For my community engagement project, I decided to to take on being a garden intern through the Berkeley Unified School District. I worked at Thousand Oaks Elementary School, and then halfway through I started to also intern at Oxford Elementary as well. When I first began working at Thousand Oaks, I thought to myself not only what I would get out of this experience, but also what positive impact I could leave with these students. With those thoughts, I didn’t know what my duties would actually include while being an intern.
Over the course of this semester, I had the privilege to intern with the nation’s oldest distributor of certified organic fruits and vegetables based in San Francisco, Veritable Vegetable (VV). VV distributes high quality organic produce to independent cooperatives, retailers, restaurants, schools, corporate campuses, and wholesalers. I worked under the Marketing Communications Manager at the company and assisted with tasks that dealt with promotion of the business and sales of products and services. My time at VV however was not limited to these tasks as I also had the opportunity to sit it on company meetings, participate in tours and volunteer events, and gain exposure to the many different departments of the company. While working at the company, I had the chance to learn more about the distribution side of the food system. The work that VV partakes in can be seen as the invisible efforts that take place in the food system. These distribution labors are hardly ever directly seen, making the efforts less thought of by customers as they purchase and consume produce. Interning at VV helped me better understand and appreciate the food distribution sector of the food system.
This spring I interned at Berkeley Unified Public School District’s Gardening and Cooking Program. I worked in the Cooking & Nutrition curriculum, which takes the form of after-school sessions; one part nutrition lesson, one part healthy hands-on cooking. I split my time between John Muir Elementary and Thousand Oaks Elementary, with kindergarten through third grade classes. After four months of “Can you go wash your hands again?” and, “Don’t yuck my yum,” here is the biggest lesson I have learned: Kids are powerful.
After spending a majority of my undergraduate career heavily involved in food systems work at both Berkeley and Hawai’i, it was a great pleasure to end my senior year weaving together and reflecting on my experiences through the Food Systems Capstone course. I took on a research assistant position in the Diversified Farming Systems Lab this past fall, working with Aidee Guzman, an ESPM PhD student conducting socio-ecological work in the Fresno area, and was lucky enough to be able to continue to do more work with Aidee this spring for my capstone project. The Diversified Farming Systems Lab commonly works on plant- pollinator interactions at the local and landscape level under the purview of Dr. Claire Kremen.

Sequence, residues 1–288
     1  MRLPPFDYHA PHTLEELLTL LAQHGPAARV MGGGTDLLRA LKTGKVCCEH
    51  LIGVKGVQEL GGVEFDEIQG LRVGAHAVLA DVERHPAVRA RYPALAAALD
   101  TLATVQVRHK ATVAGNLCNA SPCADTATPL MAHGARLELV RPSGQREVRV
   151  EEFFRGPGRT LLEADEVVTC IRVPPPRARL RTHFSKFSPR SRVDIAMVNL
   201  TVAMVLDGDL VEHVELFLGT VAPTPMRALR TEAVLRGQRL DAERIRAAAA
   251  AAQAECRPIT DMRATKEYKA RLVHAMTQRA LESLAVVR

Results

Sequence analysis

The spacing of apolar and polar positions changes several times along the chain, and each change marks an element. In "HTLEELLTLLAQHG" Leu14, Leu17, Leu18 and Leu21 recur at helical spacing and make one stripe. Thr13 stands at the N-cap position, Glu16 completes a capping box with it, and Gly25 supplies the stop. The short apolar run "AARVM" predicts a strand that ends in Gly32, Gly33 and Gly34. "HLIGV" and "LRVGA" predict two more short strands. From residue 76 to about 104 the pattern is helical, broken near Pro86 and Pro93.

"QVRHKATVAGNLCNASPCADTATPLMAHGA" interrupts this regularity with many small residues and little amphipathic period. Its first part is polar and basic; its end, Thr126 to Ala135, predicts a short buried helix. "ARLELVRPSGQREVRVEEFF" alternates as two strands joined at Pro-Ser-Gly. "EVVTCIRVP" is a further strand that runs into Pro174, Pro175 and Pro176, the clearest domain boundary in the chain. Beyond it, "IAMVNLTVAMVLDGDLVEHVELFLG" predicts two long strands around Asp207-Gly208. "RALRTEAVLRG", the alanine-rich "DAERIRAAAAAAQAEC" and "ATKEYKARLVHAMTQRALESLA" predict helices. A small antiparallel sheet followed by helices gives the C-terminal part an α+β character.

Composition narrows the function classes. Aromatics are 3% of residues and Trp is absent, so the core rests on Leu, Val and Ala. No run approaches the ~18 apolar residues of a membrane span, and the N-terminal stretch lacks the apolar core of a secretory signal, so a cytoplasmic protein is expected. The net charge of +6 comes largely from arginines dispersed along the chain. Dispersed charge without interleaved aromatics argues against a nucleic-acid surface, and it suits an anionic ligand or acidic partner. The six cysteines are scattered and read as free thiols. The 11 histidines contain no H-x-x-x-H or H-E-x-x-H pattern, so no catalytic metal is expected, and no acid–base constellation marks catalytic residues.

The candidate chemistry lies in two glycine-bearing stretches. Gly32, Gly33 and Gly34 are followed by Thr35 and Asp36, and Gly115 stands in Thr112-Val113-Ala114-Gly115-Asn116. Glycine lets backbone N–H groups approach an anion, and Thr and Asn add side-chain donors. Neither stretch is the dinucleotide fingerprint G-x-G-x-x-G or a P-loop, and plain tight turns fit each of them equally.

In the United States today, nearly 50% of all American adults have one or more diet-related chronic diseases such as type 2 diabetes, obesity, and cardiovascular disease.¹ People of color and low-income status make up a majority of this population due to a lack of access to healthy foods.³ Our current food policies pave the way for large-scale, pesticide-infused, fossil-fuel guzzling monoculture farms, factories, and corporations to thrive financially, while their consumers’ health plummets due to environmental and human health hazards. In addition, our industrialized food system illuminates the deeper racial and class-based structural inequalities that consume United States culture. In California alone, 4.9 million people face food insecurity, despite the state producing nearly 50% of the entire nation’s fruits and vegetables. 20.6% of California residents are poverty-stricken, the highest rate of poverty in the nation, and 24.2% of California adults are obese.² Food insecurity and obesity are often associated due to lack of access to fresh, healthy, and affordable foods, circling back to the overarching problem of inadequate food policies. This is a problem of both access and affordability; the former pertaining to inequalities in the distribution of grocery stores providing healthy food, and the latter in regards to governmental subsidies disproportionately given to corporate growers and food manufacturing companies. And this is where Fresh Approach comes in!
This semester I have been helping manage a research plot at the Oxford Tract with a group of undergraduate and graduate students, as well as UC Berkeley faculty. The research plot is being used to examine the effects of different urban farm soil management techniques, specifically no-till farming versus till farming and the utilization of cover crops versus no cover crops on soil characteristics and crop yield. The goal of the study is to produce tangible research results in a form that is accessible and useful to urban farmers, especially those residing in the East Bay.
For my community engagement project for the Food Systems Minor Capstone, I was a Marketing Intern for Back to the Roots (BTTR), a small company based in Oakland, CA that makes organic indoor gardening kits and is on a mission to reconnect people back to the food they eat through making it easy to grow themselves. Although the company is small, they have national distribution at some of the largest retailers including Target, The Home Depot, Whole Foods, and Amazon.